With that in mind, it’s easy to see why Bluetooth LE works well for battery-powered smartwatches and fitness trackers. These devices also do not require constant communication. Any new data, like heart rate changes or notifications, can be pushed to or from your smartphone every now and then.

Bluetooth LE allows devices to send fewer packets and enter a deep sleep state for longer.

At this point, all major operating systems support Bluetooth Low Energy. Apple has embraced the technology since iOS 5, while Android first introduced support with 4.3 Jellybean. Bluetooth LE’s usefulness doesn’t end with portable consumer electronic devices either. It has also found use in industries like logistics, navigation, and sports. More on that in the next section.

What are the advantages and uses of Bluetooth LE?

Samsung Galaxy A54 5G fast pairing
Robert Triggs / Android Authority

Besides lower power consumption, Bluetooth LE also bundles a few usability features like simplified pairing and an advertising feature. Here’s a quick list of features and advantages of Bluetooth Low Energy:

  1. Quick pairing: Have you ever noticed that many modern wireless devices don’t require you to enter a password or PIN while pairing? That’s because Bluetooth LE offers a special pairing mode named “Just Works” that allows two devices to pair without any user input. It’s especially useful for devices that don’t have a screen or keyboard, but it’s also pretty convenient for audio products and wearables.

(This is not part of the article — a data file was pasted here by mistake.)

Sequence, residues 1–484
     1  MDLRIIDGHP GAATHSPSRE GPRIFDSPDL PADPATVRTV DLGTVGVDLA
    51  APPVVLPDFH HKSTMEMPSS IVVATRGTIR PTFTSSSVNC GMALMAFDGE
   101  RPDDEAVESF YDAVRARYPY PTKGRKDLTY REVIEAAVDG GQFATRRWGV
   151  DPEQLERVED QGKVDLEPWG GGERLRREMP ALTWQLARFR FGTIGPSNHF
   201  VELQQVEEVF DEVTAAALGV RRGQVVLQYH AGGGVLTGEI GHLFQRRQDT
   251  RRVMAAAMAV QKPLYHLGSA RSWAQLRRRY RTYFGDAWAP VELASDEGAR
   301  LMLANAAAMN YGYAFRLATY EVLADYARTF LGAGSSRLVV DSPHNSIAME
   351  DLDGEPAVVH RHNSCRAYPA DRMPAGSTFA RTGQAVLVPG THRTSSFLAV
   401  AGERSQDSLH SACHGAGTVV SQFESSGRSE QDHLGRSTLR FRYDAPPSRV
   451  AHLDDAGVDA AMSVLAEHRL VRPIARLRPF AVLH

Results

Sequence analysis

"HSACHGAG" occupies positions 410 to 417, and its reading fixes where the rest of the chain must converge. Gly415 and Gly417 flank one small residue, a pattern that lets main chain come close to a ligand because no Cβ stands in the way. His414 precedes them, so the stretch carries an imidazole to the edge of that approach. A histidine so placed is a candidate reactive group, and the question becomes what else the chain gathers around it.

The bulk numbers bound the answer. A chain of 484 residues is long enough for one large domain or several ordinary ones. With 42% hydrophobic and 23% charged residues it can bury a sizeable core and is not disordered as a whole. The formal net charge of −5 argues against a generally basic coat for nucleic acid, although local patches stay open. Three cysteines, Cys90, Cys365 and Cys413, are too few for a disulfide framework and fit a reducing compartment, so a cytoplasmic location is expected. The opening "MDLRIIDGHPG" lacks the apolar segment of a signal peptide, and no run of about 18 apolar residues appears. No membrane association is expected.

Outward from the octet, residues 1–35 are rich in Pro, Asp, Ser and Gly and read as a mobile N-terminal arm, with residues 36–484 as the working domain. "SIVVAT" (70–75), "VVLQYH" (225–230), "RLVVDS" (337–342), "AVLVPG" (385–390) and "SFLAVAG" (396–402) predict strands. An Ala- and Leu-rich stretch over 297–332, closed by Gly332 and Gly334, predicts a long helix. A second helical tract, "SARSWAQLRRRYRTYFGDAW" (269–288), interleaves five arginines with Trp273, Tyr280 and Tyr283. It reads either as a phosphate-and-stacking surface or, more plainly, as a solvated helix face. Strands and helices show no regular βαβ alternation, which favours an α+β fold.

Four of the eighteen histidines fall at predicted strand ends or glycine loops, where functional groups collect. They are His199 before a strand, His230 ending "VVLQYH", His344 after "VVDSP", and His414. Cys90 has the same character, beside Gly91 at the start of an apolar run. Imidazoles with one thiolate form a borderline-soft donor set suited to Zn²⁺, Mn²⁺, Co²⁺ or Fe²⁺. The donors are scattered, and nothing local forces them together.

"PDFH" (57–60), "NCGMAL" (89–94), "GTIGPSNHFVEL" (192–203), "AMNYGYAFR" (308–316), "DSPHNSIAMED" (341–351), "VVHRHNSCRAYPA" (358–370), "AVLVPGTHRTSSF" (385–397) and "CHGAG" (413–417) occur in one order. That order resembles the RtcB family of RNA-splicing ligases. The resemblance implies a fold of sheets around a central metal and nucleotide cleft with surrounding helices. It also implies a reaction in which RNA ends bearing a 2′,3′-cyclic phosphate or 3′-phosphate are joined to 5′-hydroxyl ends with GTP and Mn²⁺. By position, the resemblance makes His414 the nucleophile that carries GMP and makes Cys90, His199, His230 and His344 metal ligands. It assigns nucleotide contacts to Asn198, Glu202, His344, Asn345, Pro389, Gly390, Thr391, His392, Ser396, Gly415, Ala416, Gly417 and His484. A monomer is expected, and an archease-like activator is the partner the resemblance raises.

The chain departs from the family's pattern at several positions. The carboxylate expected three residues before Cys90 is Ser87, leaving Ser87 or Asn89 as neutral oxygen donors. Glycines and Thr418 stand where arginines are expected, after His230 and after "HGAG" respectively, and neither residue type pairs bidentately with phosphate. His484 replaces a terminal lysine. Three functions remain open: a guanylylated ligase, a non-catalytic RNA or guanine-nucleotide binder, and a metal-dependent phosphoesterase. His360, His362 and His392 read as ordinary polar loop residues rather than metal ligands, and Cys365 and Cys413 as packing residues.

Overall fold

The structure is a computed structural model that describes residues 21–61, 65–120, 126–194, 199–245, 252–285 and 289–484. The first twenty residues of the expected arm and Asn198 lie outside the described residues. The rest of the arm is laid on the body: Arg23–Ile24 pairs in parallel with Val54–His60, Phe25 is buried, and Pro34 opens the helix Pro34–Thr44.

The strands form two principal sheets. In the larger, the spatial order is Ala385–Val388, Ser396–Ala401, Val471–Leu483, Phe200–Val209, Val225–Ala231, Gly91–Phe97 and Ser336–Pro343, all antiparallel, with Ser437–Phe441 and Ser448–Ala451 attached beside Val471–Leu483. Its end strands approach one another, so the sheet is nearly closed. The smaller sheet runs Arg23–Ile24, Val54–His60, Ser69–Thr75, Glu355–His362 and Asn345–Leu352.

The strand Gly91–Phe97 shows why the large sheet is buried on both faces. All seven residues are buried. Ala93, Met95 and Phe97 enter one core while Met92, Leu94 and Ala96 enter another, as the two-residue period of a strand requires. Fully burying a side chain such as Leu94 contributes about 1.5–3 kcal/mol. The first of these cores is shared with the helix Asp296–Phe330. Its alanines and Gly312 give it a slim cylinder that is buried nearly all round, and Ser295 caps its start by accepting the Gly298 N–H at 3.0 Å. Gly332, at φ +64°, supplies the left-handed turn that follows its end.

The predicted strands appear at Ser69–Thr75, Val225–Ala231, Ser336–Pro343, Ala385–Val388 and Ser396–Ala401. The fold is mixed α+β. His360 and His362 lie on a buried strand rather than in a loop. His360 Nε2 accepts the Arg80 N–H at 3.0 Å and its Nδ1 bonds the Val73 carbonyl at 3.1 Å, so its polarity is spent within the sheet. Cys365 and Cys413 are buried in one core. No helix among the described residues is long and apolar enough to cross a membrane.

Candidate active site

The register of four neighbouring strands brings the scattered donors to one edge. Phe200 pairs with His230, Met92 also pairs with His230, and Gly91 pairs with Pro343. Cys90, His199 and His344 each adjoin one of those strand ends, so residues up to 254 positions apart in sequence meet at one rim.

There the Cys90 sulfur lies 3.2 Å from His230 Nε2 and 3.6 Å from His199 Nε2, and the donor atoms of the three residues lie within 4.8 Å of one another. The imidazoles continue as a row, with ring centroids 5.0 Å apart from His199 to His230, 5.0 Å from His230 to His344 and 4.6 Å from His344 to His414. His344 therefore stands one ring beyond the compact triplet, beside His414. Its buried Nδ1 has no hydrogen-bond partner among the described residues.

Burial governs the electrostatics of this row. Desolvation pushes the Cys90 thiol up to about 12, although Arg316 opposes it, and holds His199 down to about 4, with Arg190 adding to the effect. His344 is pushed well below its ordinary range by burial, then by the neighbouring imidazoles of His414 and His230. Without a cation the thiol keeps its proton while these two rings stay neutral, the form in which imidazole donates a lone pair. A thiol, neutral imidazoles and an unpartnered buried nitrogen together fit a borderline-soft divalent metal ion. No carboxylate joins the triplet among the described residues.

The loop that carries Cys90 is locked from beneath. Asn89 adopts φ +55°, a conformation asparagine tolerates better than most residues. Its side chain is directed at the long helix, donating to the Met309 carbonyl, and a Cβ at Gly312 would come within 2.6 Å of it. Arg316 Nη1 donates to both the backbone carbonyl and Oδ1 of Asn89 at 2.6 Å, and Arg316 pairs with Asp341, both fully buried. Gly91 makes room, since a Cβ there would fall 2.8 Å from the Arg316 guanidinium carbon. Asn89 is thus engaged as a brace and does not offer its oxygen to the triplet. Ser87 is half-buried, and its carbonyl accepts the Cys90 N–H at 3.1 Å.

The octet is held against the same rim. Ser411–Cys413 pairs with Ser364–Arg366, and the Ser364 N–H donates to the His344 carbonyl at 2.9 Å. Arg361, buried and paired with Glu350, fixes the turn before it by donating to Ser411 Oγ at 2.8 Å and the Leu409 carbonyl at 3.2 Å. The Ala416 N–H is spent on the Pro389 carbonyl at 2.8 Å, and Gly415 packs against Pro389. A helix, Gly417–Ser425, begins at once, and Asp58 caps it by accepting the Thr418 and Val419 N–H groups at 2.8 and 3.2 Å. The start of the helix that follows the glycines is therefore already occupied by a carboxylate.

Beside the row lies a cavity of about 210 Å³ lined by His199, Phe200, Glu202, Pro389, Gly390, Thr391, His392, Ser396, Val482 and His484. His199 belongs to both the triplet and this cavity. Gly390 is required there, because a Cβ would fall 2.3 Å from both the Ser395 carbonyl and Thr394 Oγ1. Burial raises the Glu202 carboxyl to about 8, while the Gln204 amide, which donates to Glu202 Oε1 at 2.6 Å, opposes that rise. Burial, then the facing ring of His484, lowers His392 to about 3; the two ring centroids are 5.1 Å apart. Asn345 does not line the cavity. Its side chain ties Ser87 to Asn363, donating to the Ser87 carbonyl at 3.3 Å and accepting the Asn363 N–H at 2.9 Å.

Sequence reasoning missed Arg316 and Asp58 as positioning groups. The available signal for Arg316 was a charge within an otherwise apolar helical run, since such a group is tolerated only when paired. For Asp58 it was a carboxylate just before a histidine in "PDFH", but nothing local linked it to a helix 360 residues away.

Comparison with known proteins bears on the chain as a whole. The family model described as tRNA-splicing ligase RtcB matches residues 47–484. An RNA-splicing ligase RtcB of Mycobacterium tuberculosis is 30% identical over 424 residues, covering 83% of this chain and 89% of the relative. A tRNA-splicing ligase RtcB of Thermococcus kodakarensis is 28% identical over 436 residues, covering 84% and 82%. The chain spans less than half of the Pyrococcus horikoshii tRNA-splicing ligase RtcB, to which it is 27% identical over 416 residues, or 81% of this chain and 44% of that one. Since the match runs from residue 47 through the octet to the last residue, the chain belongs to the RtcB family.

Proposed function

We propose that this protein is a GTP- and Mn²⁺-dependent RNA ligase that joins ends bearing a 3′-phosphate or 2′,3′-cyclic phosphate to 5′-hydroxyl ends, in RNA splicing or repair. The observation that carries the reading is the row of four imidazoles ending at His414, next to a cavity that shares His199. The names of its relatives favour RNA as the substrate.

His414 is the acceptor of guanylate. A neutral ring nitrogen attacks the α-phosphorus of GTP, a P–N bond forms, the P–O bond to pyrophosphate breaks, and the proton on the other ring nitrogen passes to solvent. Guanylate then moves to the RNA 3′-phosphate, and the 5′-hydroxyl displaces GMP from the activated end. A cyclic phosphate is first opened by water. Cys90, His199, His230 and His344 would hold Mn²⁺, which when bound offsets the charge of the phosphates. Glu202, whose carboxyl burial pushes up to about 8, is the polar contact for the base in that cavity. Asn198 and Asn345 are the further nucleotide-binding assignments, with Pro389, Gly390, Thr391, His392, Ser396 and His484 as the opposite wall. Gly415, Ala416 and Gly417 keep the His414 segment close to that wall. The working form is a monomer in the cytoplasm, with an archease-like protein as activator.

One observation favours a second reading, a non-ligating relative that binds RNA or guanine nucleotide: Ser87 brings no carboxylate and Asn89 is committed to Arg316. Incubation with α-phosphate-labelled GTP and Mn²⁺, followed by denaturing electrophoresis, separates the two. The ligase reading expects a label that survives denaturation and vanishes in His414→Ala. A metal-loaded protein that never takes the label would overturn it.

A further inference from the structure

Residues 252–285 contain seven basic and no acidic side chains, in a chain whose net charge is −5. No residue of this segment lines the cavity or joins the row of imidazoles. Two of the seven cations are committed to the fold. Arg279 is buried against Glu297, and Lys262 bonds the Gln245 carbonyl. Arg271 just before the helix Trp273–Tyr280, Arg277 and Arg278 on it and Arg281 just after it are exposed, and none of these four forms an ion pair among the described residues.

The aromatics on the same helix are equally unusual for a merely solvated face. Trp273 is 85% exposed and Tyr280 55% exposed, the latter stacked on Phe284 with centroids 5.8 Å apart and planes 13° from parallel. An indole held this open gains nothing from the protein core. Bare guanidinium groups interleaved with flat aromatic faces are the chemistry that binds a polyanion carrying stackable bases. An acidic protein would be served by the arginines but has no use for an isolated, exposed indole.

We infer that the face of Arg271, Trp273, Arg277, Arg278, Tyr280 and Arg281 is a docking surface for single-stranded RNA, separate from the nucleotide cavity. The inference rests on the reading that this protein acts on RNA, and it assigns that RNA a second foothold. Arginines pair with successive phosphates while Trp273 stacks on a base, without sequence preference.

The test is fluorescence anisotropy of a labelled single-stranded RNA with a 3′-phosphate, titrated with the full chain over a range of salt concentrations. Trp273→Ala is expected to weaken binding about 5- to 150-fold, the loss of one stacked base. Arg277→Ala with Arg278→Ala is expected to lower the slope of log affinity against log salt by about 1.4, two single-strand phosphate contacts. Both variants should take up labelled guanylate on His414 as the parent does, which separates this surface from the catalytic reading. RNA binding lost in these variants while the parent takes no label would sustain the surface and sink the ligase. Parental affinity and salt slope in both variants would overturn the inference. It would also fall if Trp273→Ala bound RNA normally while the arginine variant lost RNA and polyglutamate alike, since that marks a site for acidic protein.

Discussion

2. Advertising mode: A Bluetooth LE device can broadcast, “advertise”, or announce itself publicly. This allows it to be discovered by other devices in the vicinity and initiate a connection. You may have seen this happen if you’ve ever used a product that supports Google’s Fast Pair.
  3. Positioning and tracking: A common use case for BLE is to track the location of objects through wireless beacons. These are essentially small, low-power devices that transmit a signal to nearby devices. BLE beacons, identified by their unique IDs, allow you to pinpoint the exact location of an item. These beacons are also often used to keep track of pets through connected collars. Likewise, the sports industry uses BLE in athlete equipment to measure performance and other metrics.
  4. Home automation: The low-power nature of BLE makes it a perfect fit in battery-powered sensors that track temperature, humidity, light level, and presence.